Baltimore Evening Sun (22 December 1913): 6.
Next the sailing of the jug-ship–and for the last time! Once the LEgislature comes to the rescue of the Eastern Shore, and restores the legalized kaif to its old dignity, there will be no more need for the jug-ship to sail for the Shore on Christmas Eve. But meanwhile that merciful galleon still sails! Without it Christmas on the Shore would be a funeral feast, a low burlesque upon the so-called Christmas spirit, a time of parched gullets and breaking hearts.
A DAILY THOUGHT. When the great Christian minister, John Knox, went to Geneva to visit that other great Christian minister, John Calvin, and called on him at his home of a Sunday afternoon, he found him out back in the fields playing at bowls with his sons and neighbors. He knew of no divine law prohibiting him from doing so, nor did John Knox know of any. Do you?–William J. Gaynor.
Pearls of wisdom from the foundry of the Hon. Aristides Sophocles Goldsborough, chief metaphysician to the Hon. Dashing Harry, hon. col. of the Albany Burgesses Corps:
Reassessment can mean a change downward as well as upward. It is just as vicious for a municipality to overassess one man as it is to underassess another. The city government has no right to be unfair. No honest man will hold back when an honest policy is being projected.
All these from a powerful treatise on the Hon. D’Harry’s reassessment plan in the current Municipal Journal. I reserve the gem of the collection for the last:
The overwhelming trend of opinion seems to suggest that if big properties were assessed more closely to their real values little properties would be relieved of a part of their tax burden.
Notice the superb setting of this pearl. Observe the magnificent effect of the “overwhehming trend” and its immediate amelioration by the “seems to suggest.” The hon. gent. is too clever, too subtle, too Sunday-schoolfieldian, to make a direct and forthright statement. Instead he wraps it in two rolls of absorbent cotton—first it is merely “suggested,” and then the suggestion itself is a mere seeming! Ah, sapient Aristides! Ah, serpentine Sophocles! Ah, super-phillipian Goldsborough!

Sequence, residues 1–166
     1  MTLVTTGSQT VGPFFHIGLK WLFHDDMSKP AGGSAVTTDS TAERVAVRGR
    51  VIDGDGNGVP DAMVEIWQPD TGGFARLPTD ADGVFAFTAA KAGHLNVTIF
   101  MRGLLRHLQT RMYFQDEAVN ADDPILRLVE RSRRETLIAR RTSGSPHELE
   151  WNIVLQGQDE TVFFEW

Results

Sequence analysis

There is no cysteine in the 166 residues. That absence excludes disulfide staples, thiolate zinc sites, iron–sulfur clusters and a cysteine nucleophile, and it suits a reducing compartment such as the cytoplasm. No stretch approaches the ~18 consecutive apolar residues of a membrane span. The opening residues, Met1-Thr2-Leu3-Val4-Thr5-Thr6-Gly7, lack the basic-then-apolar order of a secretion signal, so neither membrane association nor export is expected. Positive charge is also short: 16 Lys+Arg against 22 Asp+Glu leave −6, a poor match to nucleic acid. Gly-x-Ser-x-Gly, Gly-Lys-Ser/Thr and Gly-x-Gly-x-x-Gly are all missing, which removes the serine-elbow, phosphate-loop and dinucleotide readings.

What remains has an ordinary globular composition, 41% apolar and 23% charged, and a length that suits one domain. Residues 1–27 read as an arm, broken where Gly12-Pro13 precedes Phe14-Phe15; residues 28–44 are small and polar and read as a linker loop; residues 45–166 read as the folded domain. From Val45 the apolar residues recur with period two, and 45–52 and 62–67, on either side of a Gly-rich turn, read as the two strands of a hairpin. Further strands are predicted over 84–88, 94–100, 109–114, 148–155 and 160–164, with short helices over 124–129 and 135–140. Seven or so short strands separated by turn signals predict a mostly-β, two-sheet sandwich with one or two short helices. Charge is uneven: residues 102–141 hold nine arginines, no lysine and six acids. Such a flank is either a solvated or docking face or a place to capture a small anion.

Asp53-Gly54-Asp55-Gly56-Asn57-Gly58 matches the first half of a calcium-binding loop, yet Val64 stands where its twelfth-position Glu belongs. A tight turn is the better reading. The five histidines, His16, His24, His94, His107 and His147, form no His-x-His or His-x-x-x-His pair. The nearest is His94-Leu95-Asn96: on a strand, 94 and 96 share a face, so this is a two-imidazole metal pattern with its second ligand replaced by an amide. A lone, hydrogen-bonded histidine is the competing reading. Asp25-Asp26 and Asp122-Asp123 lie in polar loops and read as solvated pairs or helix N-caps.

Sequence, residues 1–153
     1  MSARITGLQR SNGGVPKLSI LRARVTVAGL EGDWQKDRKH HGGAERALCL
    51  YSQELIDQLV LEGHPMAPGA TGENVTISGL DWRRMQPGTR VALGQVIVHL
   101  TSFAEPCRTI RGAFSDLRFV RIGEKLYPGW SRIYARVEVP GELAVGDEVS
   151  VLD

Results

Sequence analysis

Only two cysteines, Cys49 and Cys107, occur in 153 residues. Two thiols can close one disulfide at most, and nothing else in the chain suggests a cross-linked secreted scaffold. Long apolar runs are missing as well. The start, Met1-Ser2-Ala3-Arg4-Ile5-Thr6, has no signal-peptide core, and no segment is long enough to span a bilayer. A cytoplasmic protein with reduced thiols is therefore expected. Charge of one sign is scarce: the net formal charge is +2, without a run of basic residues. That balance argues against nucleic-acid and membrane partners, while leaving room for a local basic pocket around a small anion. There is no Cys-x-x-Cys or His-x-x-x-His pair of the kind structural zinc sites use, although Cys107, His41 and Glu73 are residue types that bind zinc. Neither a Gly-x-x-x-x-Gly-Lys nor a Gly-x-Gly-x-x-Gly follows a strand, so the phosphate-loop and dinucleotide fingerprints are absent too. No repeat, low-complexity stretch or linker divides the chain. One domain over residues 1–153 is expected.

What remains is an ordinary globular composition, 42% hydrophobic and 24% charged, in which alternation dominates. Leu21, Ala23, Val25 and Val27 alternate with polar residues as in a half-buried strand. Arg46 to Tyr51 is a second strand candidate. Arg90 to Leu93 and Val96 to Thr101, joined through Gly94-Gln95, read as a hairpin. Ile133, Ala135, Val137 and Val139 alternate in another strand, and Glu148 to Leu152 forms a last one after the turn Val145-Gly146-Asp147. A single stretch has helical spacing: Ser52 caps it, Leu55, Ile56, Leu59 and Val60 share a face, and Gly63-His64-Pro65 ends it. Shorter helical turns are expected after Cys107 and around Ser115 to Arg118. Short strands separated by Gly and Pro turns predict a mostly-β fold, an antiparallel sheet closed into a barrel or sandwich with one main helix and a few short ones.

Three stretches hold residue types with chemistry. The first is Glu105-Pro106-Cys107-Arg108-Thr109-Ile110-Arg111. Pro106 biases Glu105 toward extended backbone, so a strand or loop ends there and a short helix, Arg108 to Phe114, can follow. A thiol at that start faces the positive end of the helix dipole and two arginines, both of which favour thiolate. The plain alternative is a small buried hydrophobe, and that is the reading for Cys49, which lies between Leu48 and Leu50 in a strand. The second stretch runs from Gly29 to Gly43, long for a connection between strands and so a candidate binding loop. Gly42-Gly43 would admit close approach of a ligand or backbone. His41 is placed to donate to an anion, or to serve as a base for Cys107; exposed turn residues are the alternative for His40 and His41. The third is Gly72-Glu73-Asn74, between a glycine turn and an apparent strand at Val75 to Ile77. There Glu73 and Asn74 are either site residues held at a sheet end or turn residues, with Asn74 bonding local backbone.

Incidentally, the present fashion of swallowing bichloride of mercury shows a plentiful and lamentable lack of originality in the ladies and gentlemen who follow it. But there are styles in suicides as in skirts and hats, and they are no less rigid. In my time as a police reporter, the rage was for carbolic acid, and I have seen as many as six bibbers of it hauled into City Hospital in one day. But now the suicide who would be respected at the morgue must go there by the bichlorlde route.
What sheep we mortals be! Baltimore is full of charming suggestions to the would-be suicide—and yet all of them burn their gullets with bichloride! Consider, for example, the possibilities of our high buildings: a leap from any one of them would be spectacular as well as lethal, and the chances of getting company across the Styx would be at least 2 to 1. And then there are the big Hoe presses in The Sun office: why not jump into one of them when it is in motion? A gallery for visitors is almost directly above them—and visitors are always welcome.